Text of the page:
Time spent on the Abraham Path promises to be a rich cultural experience for all; by moving through local villages and communities slowly and on foot, travelers are sure to experience the richness of Abrahamic hospitality that so distinctly characterizes the region and to be welcomed warmly into any number of new environments. This may at times be challenging; immersion in unfamiliar cultural settings can certainly push you outside of your comfort zone, but it can also lead to incredibly educational, meaningful, and rewarding moments of exchange. Whether in asking for directions, sharing a cup of coffee with a local, or staying at a family homestay, you can anticipate a broad range of worthwhile intercultural interactions along the trail.
When traveling, be prepared to exercise patience and humility in dealing with language barriers. As in many parts of the world, English is the de facto medium of communication between people from many linguistic backgrounds. Many communities along the path will contain some English-speakers – especially closer to major urban centers. As you travel further from these tourism hubs, however, you should expect to encounter more locals who do not speak much or any English.
If possible, anticipate these scenarios and learn some basic words and phrases in the local language(s) of the region in which you will be traveling. Even if you stumble over words and struggle with pronunciation, you will be amazed how warmly your attempts to communicate will be received; any demonstrated willingness to learn the language goes a long way in conveying your appreciation and respect for the local culture.
At times when spoken communication has reached its limit, don’t be afraid to get creative! You may be surprised at how well you can get by with hand gestures and charades, and the process of attempting to understand one another can often break the ice and lead to good-natured laughter and fun.
In more conservative communities, gender roles and expectations are very clearly defined. Take your cue from the locals when assessing whether it is acceptable to shake hands with members of the opposite gender: if they reach for your hand, accept. If not, you can simply place your hand over your heart and speak a greeting. Refrain from hugging locals of the opposite gender or putting your arm around them, even if this would seem natural or friendly in your home culture. Public displays of affection toward fellow travelers should also be avoided. When staying with local families, do not be surprised if the men and women in your group are separated for much of the time spent in the family’s home.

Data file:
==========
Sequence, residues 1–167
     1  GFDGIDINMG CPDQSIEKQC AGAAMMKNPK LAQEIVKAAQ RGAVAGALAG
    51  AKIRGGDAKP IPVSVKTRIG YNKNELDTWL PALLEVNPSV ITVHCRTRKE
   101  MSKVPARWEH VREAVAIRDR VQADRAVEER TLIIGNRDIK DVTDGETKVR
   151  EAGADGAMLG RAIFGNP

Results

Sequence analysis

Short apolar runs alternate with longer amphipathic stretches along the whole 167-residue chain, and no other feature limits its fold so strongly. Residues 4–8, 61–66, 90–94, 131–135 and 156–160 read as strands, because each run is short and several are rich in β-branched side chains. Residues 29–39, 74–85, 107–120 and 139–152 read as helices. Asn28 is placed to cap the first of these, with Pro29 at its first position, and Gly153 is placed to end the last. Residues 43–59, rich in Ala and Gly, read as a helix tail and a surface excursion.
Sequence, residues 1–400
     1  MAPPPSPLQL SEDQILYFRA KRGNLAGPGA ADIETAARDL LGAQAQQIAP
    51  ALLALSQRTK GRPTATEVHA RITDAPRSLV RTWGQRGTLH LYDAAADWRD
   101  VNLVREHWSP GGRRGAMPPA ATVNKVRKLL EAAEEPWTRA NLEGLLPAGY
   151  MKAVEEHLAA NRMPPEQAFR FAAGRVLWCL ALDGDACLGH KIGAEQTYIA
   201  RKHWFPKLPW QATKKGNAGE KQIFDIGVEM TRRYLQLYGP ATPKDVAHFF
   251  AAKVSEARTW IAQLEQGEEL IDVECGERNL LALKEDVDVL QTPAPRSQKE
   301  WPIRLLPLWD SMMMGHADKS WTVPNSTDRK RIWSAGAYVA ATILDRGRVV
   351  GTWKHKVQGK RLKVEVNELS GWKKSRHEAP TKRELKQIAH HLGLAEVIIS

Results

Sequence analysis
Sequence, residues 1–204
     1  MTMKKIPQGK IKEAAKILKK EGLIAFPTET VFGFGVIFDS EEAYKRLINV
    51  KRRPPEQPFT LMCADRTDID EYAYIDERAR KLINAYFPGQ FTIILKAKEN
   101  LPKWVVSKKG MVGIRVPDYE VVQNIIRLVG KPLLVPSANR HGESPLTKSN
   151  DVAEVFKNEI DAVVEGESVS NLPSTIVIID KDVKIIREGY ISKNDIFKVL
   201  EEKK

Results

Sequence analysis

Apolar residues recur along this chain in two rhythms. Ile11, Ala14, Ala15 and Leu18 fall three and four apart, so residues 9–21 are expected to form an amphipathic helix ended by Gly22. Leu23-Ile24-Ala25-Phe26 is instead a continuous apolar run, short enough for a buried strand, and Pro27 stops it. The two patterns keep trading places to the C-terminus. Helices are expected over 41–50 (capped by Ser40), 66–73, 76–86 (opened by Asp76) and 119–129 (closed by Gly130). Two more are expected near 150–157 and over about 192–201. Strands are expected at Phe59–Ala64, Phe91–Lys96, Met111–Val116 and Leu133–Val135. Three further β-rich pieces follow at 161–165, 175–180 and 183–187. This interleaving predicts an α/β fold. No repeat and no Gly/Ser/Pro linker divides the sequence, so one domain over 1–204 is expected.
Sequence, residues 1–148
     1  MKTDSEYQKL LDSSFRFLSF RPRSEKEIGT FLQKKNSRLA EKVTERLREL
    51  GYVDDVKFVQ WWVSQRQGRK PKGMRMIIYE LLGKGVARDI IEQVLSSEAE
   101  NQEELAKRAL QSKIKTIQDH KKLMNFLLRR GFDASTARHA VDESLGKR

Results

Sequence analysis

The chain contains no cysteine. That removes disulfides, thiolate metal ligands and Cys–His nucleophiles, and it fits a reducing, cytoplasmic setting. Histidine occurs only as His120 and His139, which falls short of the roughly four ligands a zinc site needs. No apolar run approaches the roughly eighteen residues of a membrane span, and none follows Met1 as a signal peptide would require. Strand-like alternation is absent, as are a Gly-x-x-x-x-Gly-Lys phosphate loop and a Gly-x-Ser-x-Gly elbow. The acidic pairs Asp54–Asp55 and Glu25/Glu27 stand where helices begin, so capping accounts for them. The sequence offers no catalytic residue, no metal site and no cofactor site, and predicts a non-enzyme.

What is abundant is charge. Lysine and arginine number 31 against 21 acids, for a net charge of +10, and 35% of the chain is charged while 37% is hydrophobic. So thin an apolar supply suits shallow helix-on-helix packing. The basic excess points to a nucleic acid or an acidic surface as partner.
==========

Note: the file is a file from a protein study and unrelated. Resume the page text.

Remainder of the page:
Both men and women should plan to dress appropriately. Pack long pants/trousers; if traveling on the path in Turkey, women should wear long skirts. Women should also avoid sleeveless tops and anything low-cut. When visiting mosques, women will often be required to cover their heads; remember to pack a scarf for this purpose. Visitors of both genders may not be permitted to enter many places of worship (of any religion) if they are judged not to be dressed modestly enough by the custodians of the site!
In conversation with locals, be careful with topics that could be sensitive, such as money/finances, politics, religion, sexuality (arranged marriages, polygamy, cohabitation, homosexuality, etc.), and gender roles and expectations. The Abraham Path brings walkers into contact with members of a number of different religious groups, and it is especially important to avoid proselytization, handing out tracts/Bibles or other religious texts, etc.
In general, try to approach your intercultural interactions with an eagerness to learn! Both locals from communities along the path and former hikers have remarked that the opportunity to spend time with members of other cultures has been educational, enriching, and fun. Do prepare yourself with a bit of background knowledge about the culture you are entering into; but when the time for to travel arrives, be flexible and open to whatever new experiences your journey may bring.